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Happy Independence Day!

July 4, 2013

fireworks  Click photo to enlarge

Variously known as the Fourth of July and Independence Day, July 4th has been a federal holiday in the United States since 1941, but the tradition of Independence Day celebrations goes back to the 18th century and the American Revolution (1775-83).

In 1775, people in New England began fighting the British for their independence.  In June 1776, representatives of the 13 colonies then fighting in the revolutionary struggle weighed a resolution that would declare their independence from Great Britain.

On July 2nd, the Continental Congress voted in favor of independence, and two days later its delegates adopted the Declaration of Independence, a historic document drafted by Thomas Jefferson. The first public reading of the Declaration of Independence was on July 8, 1776. Delegates began to sign the Declaration of Independence on August 2, 1776.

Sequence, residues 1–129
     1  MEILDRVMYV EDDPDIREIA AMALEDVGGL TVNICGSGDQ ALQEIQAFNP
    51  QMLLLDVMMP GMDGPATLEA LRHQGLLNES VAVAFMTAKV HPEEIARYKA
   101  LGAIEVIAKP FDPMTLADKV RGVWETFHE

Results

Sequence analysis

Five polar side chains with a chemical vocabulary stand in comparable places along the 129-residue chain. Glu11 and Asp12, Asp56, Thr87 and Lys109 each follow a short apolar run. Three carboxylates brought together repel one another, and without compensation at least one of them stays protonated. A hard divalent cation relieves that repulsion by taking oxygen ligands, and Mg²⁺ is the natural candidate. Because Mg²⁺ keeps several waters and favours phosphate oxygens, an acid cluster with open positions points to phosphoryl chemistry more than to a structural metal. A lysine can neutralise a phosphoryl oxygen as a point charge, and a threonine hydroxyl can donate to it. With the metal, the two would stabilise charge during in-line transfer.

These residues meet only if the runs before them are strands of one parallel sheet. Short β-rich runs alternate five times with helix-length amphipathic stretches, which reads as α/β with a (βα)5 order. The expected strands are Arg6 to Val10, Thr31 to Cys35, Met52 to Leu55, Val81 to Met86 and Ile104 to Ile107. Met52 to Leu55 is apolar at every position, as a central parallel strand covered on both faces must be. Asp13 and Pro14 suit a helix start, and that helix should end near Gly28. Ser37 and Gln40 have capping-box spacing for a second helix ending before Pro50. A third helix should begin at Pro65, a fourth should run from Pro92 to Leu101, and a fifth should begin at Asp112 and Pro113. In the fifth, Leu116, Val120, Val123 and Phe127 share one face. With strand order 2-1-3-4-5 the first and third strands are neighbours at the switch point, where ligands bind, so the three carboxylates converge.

Interestingly, Thomas Jefferson and John Adams, both signers of the Declaration of Independence and presidents of the United States, died on July 4, 1826 – exactly 50 years after the adoption of the declaration.

The first description of how Independence Day would be celebrated was in a letter from John Adams to his wife Abigail on July 3, 1776. He described “pomp and parade, with shows, games, sports, guns, bells, bonfires, and illuminations” throughout the United States. However, the term “Independence Day” was not used until 1791.

In 1870, Independence Day was made an unpaid holiday for federal employees. In 1941, it became a paid holiday for them.

From 1776 until the present day, July 4th has been celebrated as the birth of American independence, with typical festivities ranging from fireworks, parades and concerts to more casual family gatherings and barbecues.

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